Caution urged with campfire use on July long weekend | iNFOnews | Thompson-Okanagan's News Source

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Caution urged with campfire use on July long weekend

Going camping over the long weekend? Remember the rules around campfire safety.

Although large-scale open burning is now prohibited in many regions of the province, small, contained campfires are currently permitted in all six B.C. fire centres. Detailed information about burning restrictions in B.C. is available on the Wildfire Management Branch website at:

Here's some important information about campfire use:
* Always find out if any open burning prohibitions are in effect on
the Wildfire Management Branch website:
* If campfires are allowed in your area, bring a shovel or keep at
least eight litres of water nearby to properly extinguish your
* Campfires cannot be larger than 0.5 metres in height and 0.5 metres
in diameter.
* Do not light a campfire or keep it burning in windy conditions.
Weather can change quickly and the wind may carry embers to other
combustible material and start new fires.
* You must maintain a one-metre fireguard around the campfire. This is
a fuel-free area where all flammable materials (grass, kindling, etc.)
have been removed.
* Never leave a campfire unattended.
* Make sure that the campfire is completely extinguished and the ashes
are cold to the touch before leaving the area for any length of time.
Also ensure that cigarette butts are properly extinguished and are not
tossed away carelessly.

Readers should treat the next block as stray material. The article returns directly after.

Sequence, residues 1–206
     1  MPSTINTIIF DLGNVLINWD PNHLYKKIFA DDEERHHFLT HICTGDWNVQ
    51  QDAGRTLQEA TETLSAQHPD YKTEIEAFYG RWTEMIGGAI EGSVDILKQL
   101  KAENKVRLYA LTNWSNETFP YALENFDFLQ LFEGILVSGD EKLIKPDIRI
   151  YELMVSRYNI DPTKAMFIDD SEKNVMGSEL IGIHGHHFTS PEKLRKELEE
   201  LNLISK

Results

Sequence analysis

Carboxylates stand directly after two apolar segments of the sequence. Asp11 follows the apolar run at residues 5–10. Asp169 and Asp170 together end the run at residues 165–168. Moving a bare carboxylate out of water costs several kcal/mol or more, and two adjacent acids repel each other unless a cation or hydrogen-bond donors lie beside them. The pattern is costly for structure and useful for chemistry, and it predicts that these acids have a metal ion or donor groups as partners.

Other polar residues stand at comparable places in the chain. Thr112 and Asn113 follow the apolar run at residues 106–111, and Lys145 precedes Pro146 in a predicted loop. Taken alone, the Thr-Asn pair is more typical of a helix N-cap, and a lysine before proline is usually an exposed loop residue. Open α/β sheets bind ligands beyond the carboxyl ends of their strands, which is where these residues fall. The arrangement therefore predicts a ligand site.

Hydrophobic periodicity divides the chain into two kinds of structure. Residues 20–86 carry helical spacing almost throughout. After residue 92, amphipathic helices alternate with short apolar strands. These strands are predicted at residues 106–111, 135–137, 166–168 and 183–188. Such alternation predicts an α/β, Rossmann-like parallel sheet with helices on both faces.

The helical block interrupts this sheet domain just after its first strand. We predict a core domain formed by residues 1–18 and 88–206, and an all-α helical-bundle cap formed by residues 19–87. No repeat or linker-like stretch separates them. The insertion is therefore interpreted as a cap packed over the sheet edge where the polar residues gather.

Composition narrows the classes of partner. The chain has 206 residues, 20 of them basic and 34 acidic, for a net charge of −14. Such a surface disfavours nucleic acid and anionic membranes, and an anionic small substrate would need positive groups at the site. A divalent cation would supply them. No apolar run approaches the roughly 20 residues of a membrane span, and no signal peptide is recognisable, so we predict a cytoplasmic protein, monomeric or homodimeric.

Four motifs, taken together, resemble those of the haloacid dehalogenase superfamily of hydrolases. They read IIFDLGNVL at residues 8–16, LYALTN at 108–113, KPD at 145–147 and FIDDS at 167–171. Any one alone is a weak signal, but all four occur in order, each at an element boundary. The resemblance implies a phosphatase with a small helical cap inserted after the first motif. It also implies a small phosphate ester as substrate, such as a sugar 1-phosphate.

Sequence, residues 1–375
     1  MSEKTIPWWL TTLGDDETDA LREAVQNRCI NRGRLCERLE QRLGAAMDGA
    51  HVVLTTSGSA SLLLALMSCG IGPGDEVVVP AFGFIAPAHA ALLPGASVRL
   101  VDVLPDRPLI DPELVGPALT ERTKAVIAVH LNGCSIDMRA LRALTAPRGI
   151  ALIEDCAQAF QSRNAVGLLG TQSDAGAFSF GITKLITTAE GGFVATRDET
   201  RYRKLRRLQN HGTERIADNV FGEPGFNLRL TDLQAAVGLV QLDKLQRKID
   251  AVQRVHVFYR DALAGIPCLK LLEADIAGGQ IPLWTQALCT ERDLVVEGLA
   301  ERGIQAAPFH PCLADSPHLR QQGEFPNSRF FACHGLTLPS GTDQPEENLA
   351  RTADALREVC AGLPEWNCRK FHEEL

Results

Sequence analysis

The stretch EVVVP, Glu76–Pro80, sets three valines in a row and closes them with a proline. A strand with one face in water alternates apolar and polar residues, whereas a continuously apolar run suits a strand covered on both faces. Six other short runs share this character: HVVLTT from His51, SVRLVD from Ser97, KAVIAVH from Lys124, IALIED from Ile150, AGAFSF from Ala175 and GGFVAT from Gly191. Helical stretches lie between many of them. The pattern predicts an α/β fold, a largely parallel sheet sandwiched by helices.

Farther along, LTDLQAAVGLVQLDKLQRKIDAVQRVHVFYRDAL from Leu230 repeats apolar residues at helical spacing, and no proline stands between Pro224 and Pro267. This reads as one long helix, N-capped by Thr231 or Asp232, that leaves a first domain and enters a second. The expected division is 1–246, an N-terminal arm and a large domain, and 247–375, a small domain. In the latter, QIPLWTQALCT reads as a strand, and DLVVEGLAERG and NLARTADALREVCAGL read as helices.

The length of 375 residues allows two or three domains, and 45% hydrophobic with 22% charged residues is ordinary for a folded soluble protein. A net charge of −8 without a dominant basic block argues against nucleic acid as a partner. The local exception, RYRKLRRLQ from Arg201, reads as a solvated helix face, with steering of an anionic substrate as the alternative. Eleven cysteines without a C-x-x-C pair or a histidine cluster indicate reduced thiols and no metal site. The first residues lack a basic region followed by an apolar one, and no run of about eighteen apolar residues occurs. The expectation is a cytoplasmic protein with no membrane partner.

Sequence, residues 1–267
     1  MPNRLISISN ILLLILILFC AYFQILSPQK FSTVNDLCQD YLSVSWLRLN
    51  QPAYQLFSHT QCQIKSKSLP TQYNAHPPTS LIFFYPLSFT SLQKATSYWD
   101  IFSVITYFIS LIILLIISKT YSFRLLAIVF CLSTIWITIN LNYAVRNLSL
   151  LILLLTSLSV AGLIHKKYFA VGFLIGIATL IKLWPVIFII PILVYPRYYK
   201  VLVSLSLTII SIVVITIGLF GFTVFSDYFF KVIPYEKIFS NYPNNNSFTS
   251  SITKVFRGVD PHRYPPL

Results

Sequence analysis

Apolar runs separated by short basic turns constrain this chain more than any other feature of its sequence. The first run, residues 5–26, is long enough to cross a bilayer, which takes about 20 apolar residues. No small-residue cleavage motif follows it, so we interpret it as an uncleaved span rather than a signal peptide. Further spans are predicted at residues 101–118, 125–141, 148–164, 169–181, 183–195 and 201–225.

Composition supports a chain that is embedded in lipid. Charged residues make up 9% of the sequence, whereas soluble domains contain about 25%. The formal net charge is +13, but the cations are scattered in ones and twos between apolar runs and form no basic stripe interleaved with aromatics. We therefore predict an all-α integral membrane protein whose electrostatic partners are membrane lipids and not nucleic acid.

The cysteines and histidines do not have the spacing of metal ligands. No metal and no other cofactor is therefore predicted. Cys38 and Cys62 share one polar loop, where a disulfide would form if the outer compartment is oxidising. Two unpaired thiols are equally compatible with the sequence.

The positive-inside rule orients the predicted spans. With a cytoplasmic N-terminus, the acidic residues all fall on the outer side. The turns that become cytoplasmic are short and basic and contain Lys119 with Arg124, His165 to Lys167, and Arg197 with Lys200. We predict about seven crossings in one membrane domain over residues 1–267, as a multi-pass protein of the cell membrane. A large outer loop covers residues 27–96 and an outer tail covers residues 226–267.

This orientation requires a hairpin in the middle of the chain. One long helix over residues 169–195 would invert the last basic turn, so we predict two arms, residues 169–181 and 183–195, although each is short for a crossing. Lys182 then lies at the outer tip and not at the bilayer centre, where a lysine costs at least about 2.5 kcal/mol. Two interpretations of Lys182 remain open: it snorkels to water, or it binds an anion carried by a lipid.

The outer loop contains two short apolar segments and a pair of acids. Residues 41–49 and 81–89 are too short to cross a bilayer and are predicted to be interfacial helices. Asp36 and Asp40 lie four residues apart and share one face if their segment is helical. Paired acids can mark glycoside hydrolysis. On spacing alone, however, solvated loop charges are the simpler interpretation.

* You may be held accountable for damages and fire suppression costs
if your negligence results in a wildfire.

Natural resource officers will be patrolling campsites and recreation
areas over the weekend to ensure that people are following campfire
safety regulations.

Minister of Forests, Lands and Natural Resource Operations Steve
Thomson -
"It's important to respect the use of fire. Once you start a campfire,
you are legally responsible for making sure it doesn't escape and that
it is completely extinguished before you leave the area."

Quick Facts:
Anyone found in contravention of an open fire prohibition may be
issued a ticket for $345 or, if convicted in court, be fined up to
$100,000 and sentenced to one year in jail. If the contravention
causes or contributes to a wildfire, the person may be subject to a
penalty of up to $10,000 and be ordered to pay all firefighting and
associated costs.

The Province thanks the public for its help in preventing wildfires.
To report a wildfire or an unattended campfire, call 1 800 663-5555
toll-free or call *5555 on your cellphone.

Learn More:
For the latest information on fire activity, conditions and
prohibitions, visit the Wildfire Management Branch website:

You can also follow the latest wildfire news:
* On Twitter at:
* On Facebook at:

News from © iNFOnews, 2013

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